The Bold Italic
Jul 22
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I’ve said it since opening in 2017 and I’ll say it again: there’s no equal to Eight Tables in the country. This upscale-modern Chinese restaurant hidden upstairs inside China Live houses merely eight tables so spaced out, it was meant for a post-pandemic world. You enter via an elevator off a long Chinatown alley named after one of my favorite poets of the San Francisco Renaissance, Kenneth Rexroth.

I’ve been each year to Eight Tables since chef-owner George Chen opened it. Chen’s long, rich history in SF and roots in Taiwan and China includes opening many restaurants, including legends — and old favorites of mine, now gone: James Beard-nominated Betelnut and Shanghai 1930.

Modeled after an opulent Chinese home, the AvroKO-designed space is unlike most fine dining restaurants I’ve been to by thousands around the globe: it glows in warm, neutral tones, light and soothing, each alcove separately spaced out with fellow diners across the way (Time magazine named it one of the greatest spaces in 2018). Inspired by private chateau dining/supper clubs, called si fang cai in China and Taiwan (with a couple non-fine dining iterations in L.A. shopping centers), each visit showcased flavors I experienced in China and Taiwan.
I visited just as chef de cuisine Floyd Nunn, who was sous chef or chef de partie at none other than three Michelin-starred Quince and Benu, came on board in 2021. So my return this June 2022 confirms his growing voice — and three Michelin perspective — on the menu, rendering it more global yet still Chinese/Tawainese at heart, with early favorites last year being aromatic liu jipu chicken in a bowl of jade and pearls or a Spring lamb in multiple forms, including a delectable sausage.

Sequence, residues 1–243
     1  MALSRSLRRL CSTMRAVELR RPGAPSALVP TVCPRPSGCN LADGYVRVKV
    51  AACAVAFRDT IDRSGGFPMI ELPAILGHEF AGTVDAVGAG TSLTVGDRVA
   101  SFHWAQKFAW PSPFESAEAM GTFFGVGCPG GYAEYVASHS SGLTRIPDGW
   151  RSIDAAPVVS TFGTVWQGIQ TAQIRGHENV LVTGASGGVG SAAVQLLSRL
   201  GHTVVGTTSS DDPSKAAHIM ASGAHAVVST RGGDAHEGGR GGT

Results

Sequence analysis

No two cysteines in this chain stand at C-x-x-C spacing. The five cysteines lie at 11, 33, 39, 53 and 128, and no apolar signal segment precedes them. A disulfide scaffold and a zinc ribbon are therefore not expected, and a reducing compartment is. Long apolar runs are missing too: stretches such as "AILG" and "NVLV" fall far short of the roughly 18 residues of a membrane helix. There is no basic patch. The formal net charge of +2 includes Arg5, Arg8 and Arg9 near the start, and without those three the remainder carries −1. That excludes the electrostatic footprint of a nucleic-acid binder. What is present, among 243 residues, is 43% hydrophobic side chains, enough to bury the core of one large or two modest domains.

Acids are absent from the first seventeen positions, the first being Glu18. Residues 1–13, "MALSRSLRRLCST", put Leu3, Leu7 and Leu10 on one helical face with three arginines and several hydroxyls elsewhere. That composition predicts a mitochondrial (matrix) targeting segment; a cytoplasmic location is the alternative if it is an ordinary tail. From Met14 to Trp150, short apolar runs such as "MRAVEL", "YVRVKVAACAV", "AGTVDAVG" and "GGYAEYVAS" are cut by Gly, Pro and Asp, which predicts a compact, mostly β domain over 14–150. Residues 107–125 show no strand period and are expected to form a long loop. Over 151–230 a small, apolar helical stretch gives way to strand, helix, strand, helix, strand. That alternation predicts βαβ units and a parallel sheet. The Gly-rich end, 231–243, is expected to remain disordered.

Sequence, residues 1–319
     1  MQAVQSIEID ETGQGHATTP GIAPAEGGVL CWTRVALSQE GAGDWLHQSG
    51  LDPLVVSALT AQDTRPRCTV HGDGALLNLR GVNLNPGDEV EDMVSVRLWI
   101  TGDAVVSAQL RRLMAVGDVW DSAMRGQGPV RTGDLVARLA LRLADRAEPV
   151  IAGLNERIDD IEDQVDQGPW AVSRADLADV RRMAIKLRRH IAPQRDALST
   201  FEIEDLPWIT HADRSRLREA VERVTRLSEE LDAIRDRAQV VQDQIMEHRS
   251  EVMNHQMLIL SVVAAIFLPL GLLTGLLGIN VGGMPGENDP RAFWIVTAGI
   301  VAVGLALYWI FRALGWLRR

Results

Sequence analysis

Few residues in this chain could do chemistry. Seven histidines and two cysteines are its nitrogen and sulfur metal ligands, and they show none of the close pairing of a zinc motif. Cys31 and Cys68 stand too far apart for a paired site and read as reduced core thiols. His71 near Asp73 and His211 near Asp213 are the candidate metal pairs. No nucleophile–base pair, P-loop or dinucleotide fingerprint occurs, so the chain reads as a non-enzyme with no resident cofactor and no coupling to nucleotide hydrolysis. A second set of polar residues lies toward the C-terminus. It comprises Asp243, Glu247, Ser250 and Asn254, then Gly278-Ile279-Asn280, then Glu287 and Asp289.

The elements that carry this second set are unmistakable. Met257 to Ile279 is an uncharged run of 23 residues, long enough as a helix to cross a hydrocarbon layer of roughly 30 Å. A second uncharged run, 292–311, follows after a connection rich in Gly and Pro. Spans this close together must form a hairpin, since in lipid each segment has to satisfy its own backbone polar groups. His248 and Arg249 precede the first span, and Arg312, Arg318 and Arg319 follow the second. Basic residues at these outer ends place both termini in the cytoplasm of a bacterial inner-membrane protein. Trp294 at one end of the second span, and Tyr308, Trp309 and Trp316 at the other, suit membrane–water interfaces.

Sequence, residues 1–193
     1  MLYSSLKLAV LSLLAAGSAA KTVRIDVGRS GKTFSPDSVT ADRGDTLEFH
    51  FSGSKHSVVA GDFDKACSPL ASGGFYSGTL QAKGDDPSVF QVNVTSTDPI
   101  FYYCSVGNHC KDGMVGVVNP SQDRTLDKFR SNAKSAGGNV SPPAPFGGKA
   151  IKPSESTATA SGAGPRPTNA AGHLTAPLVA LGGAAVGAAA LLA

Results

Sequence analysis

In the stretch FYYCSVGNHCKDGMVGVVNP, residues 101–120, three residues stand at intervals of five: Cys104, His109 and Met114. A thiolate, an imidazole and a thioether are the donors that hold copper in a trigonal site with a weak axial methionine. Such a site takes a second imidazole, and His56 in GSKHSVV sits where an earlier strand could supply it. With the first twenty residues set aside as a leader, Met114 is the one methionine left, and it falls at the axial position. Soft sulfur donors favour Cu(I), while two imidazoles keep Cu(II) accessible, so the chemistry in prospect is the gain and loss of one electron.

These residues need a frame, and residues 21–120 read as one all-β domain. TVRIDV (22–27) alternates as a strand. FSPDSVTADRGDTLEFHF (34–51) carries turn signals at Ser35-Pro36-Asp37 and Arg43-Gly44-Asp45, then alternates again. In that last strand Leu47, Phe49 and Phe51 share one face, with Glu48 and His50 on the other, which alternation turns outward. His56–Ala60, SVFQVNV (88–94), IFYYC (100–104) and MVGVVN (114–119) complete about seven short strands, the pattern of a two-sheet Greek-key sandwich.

But this June, my husband Dan, The Renaissance Man, and I entered Eight Tables’ soothing parlor lined with black and white photos of Chen’s family — after initial drinks next door at the Blade Runner-meets-Shanghai Cold Drinks bar, an ideal pre-or post-dinner stop in Chen’s multi-faceted modern Chinese complex with cocktails from bar manager Yong Zhu. A vintage record player emits the tranquilizing sounds of jazz, as you walk through an intimate bar room to your table in the generously spaced-out dining room and your individual banquettes separated by walls.
Warm service weaves us through ten courses seamlessly, as we settle in for the duration. We know what’s coming first, and in many ways, it’s the highlight of the meal: Eight Tables’ now signature Jiu Gong Ge covers “nine essential flavors of Chinese cuisine” on one platter, in nine individual porcelain mini-plates. In my travels through Chengdu, China, just before pandemic, the inspiring RUYI Gastronomy dinners by LEGLE France walked me through 24 flavors representing Sichuan/Szechuan cuisine alone, just one of many of the diverse and wide-ranging cuisines in Chinese food. So summarizing key flavors of the most complex cuisine in a vast nation is no easy task. Still, as you weave from sweet, salty, sour, bitter and numbing to spicy, fragrant, sharp and smoky, the introductory Jiu Gong Ge takes you on a journey, one that engages each part of the palate and sense memory.
There’s no point in picking a favorite as each flavor delights, whether a red jujube date in longan mochi (sweet), tangerine in finger limes (sour), tempura congee in Périgord truffles (fragrant) or silky, cherrywood smoked Mt. Lassen trout (smoky). Da Hong Pao big red robe oolong tea poured tableside evokes classic Chinese elegance with current sensibilities.